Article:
Logitech G19 Keyboard for Gaming ReviewPropane -
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The software that comes with the G19 will work on Windows XP, Windows Vista, and Macintosh OS X, albeit with limited support. One notable missing area of support is for Windows 7. However, by using compatibility mode work arounds, I was able to get it running on Windows 7 RC as well. There is no Linux support, even 3rd party, that I could find, and when running in Linux, the LCD usually just displays the Logitech logo. Since the Windows versions of the software are the most complete, I will be using it to show the configuration possibilities, although the Macintosh configuration is also very similar. It should be noted that all basic functions of the keyboard work fine without drivers, as would be expected.
The first part of the software I will look at is the "G-Key Profiler". This piece of software allows you to make the G keys do what you want them to do. You can assign profiles to the different memory buttons, and change the backlight color of the keyboard to any of the basic 16 colors (in Macintosh you can change it to any 24bit color, though some do not display very well).
Assigning a macro to a key is very simple. All that needs to be done is to press the key you want with the mouse to select it, then pick one of the options from the drop-down menu. Choosing to create a macro brings up a new dialogue box which allows you to create your macro and assign several different methods of running it.
The second piece of software that comes with the Logitech G19 is the Logitech LCD Manager. This piece of software allows you to adjust how the LCD behaves. The first screen allows you to set the programs ran on the LCD to rotate through automatically, so you don't have to do it yourself. This is handy if you want to alternate between a clock and performance monitor, but I have found it annoying with some of the applications, like the picture viewer. The next screen shows the programs that are running on the LCD. If you are not planning on using a program, it is highly advantageous to turn it off, as it takes up RAM and CPU on your main computer even if they aren't showing on the LCD. Some programs can consume upwards of 15MB of RAM, which, if you are limited on your machine's RAM, can be a significant amount.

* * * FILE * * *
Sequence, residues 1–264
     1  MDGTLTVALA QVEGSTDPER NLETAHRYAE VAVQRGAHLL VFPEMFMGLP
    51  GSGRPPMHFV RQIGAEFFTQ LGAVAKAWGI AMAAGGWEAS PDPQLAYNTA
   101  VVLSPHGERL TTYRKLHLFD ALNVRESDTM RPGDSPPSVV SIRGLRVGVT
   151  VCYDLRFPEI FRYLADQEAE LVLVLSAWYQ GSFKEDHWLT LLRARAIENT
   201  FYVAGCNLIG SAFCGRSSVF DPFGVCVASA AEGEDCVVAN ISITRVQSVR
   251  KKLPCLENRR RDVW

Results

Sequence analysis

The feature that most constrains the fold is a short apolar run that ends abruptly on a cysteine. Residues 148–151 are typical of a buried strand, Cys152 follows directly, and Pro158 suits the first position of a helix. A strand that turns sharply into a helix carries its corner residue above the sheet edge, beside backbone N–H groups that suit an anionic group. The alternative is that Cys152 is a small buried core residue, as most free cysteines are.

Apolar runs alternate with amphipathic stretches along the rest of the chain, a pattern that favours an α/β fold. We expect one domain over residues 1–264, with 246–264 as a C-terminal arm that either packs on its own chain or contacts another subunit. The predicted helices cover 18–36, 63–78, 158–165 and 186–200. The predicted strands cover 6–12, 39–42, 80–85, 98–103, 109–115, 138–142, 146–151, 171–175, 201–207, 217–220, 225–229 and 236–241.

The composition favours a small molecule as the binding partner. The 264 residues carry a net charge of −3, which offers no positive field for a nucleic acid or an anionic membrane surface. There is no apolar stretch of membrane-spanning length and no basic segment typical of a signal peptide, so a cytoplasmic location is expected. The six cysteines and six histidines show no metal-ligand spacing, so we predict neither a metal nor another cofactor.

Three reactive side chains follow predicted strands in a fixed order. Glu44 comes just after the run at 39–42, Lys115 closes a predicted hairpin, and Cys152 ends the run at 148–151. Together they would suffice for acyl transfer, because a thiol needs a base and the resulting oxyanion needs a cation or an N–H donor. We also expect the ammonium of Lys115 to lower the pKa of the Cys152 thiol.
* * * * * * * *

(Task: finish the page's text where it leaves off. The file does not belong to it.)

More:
The last four screens are less exciting. The Global Settings screen controls how the tray icon behaves and how the window sizes are handled from session to session. The help screen just allows you to launch into a Windows Help file, and the 'Internet Updates' screen just lets you quickly check for updates. Finally, the 'About' screen just gives you a little information about the software in use.